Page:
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  1. #21
    Mind Wanderer Zeego's Avatar
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    Quote Originally Posted by sulfit View Post
    Since which elements are Judging and which are Perceiving is NOT defined any differently between Socionics and MBTI, it forms a contradiction to type yourself as both INTP (Ti dom) and Ni-IEI (Ni lead). Could you go over how is it that you've flipped intuition and logic for each other? Logic is logic in both Socionics and MBTI. Logic was never defined as Perception or Intuition.
    Behaviorally speaking, I behave most similarly to INTP in MBTI and IEI in Socionics. Although INTP is considered "J-dom" in MBTI, behaviorally it is still a Perceiving type, as is IEI. Say what you will about the functions, but I am not behaviorally Judging in either system. Furthermore, I do not relate to Socionics descriptions of Ti. It sounds very rigid compared to the MBTI version, with its focus on rules and laws instead of just personal logic in general. I relate much more to the visual and abstract thought process of Socionics Ni, which is less J-like than the MBTI version. I think more in terms of imagery and symbolism than I do in words (a trait of Socionics Ni), but I also prefer to employ my own personal logic rather than relying on accepted terms (a trait of MBTI Ti). This is obviously a very simplified description of both, but I have thought much about this issue, and I don't feel like getting into semantics at the moment.

    An odder discrepancy might be how I'm Thinking in MBTI yet Feeling in Socionics. I have to admit I don't fully understand this myself, although it may have to do with the fact that (in Socionics terms) I'm more Merry than I am Serious. I really just kind of "see myself" in IEI descriptions, I don't know how to explain it. I'm comfortable with this discrepancy between my MBTI and Socionics types because I believe they're fundamentally different systems.

    And finally, for what it's worth, I usually test as INTP in MBTI and IEI in Socionics. I know a lot of people don't put much faith in the tests, so make of that what you will.
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  2. #22
    Shaman BlackCat's Avatar
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    The J/P switch is a lie, it's best to type on a case by case basis than assume that everyone who is an introverted perceiving type in MBTI is suddenly a rational type in socionics, which is basically describing J; and vice versa. The only basis of this J/P switch is that the functions are named the same thing. But they describe different things, especially when you factor in function placements. Most lack of understanding in this area comes from a lack of knowledge of either theory or how to apply it.

    For example many INTPs I know don't really fit into Alpha at all, nor does the Ti lead attitude in socionics really fit for them either. Most of the time when INTPs see socionics Ti as prominent in their persona is because it's the demonstrative function for ILI, the only function equal in strength to the lead function Ni.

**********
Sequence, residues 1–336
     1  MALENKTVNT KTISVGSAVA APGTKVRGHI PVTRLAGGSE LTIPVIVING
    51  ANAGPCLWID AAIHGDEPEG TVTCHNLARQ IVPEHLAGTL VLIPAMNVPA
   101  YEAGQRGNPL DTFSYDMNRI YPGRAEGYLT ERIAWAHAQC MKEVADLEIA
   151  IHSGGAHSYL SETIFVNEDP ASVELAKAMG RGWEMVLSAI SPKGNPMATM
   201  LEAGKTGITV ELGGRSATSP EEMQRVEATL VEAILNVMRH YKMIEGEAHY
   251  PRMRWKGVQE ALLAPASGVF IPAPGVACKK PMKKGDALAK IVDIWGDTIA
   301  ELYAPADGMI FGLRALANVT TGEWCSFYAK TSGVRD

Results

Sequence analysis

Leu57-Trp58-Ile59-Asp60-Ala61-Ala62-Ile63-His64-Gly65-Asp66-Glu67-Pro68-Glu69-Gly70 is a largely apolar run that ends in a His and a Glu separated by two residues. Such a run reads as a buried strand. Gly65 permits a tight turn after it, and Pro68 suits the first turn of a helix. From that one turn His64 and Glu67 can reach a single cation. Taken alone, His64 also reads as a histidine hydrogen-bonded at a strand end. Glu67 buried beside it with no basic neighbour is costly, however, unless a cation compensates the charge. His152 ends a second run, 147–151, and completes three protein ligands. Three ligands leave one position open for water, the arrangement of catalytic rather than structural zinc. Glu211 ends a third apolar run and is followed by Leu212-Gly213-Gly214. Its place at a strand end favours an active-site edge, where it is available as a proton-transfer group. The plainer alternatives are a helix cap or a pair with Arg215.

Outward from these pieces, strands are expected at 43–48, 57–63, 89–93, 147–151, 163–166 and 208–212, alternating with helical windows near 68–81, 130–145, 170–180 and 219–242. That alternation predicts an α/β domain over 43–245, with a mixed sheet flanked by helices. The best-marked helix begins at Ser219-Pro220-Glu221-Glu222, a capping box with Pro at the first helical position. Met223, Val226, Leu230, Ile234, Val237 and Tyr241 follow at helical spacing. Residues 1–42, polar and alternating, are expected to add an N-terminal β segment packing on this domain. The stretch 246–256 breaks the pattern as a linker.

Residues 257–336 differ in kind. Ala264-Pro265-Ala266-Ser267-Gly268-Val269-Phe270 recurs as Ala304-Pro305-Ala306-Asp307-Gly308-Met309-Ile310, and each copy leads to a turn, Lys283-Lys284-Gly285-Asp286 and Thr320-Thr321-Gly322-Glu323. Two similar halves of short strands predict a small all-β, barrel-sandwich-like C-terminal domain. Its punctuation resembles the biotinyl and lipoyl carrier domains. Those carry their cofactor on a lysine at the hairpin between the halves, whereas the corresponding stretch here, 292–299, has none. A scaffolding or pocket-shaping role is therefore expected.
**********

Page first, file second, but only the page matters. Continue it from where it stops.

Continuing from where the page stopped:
I think if anyone who identifies as a J type in MBTI read the irrational description in socionics they would not see much of themselves in that description. Same goes to a P type reading the rational description. I'm not saying that some people don't fit INFP EII or INTP LII but most people would identify with their typically corresponding letter.

    Also the switching j/p in socionics switches the type to the opposite quadra, creating more possible confusion for self typing purposes if one assumes that they are supposed to switch J/P.

    People look at this in a very one dimensional way. It's not just about the functions, it's about everything else too. I notice the same people who say the theory is flawed or doesn't work claims the J/P switch as well. Trying to conform socionics to MBTI will never really work out imo.
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  3. #23
    The Bat Man highlander's Avatar
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    Quote Originally Posted by Zeego View Post
    I recently read this post on Wordpress about how some people in the typology community (notably Victor Gulenko, Dario Nardi, and the author of the post itself) believe that Socionics and MBTI can be merged with each other, and if you are a certain type in one system (e.g. INTP) then you must be the corresponding type in the other system (INTj). To anyone on TypoC who believes this, I have a question: how do you reconcile the fundamental differences in how the types and functions are defined between the systems?
    I haven't read the whole thread but basically I think they are the same system because they are derived from the same theory. I like both perspectives but am skeptical on the validity of function theory - not because I disagree with it but because I think it is too linear.
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  4. #24
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    I think the answer to this is quite simple: in the abstract, I see no real difference between their concepts of the 8 functions/IE/etc --- in the abstract, socionics IE are very general .... to do with objects and relations, and such. In terms of the concrete traits ASSOCIATED with the abstract functions, yes there's a LOT of difference. There are marked associations that go beyond the strict abstract definitions, e.g. the colorful portrayals of quadra values suggest alphas have a certain temperament and so on.

    What this means is TO THE EXTENT you use those concrete associations to type people, you MUST type them separately in the two systems. E.g. if you believe Se people are 'forceful' and less comfort-oriented or whatever than Si people, then you cannot associate that with Se in the MBTI sense.

    On the other hand, I think the 'forceful' thing is just a mistake -- it's a concrete version of the concept which ignores the broader meaning. In reality, force should be understood more abstractly: it is what's needed to break inertia, to change the kinetic energy, or what have you. What that really means is it has to do with our sense of present-ness: the present is when the future changes to past and a moment 'passes'. It's when you have to act immediately to make an impact, or the moment is gone. Now the association towards MBTI (or rather, loosely MBTI, since I don't think the actual test has much to do with functions) concepts which probably involve a present-focus becomes clear. If nothing is moving/changing, there doesn't need to be a concept of present, as time can be conceptualized as an abstract line or whatever with no privileged point selected (vs such a point is selected if we are to introduce the concept of change).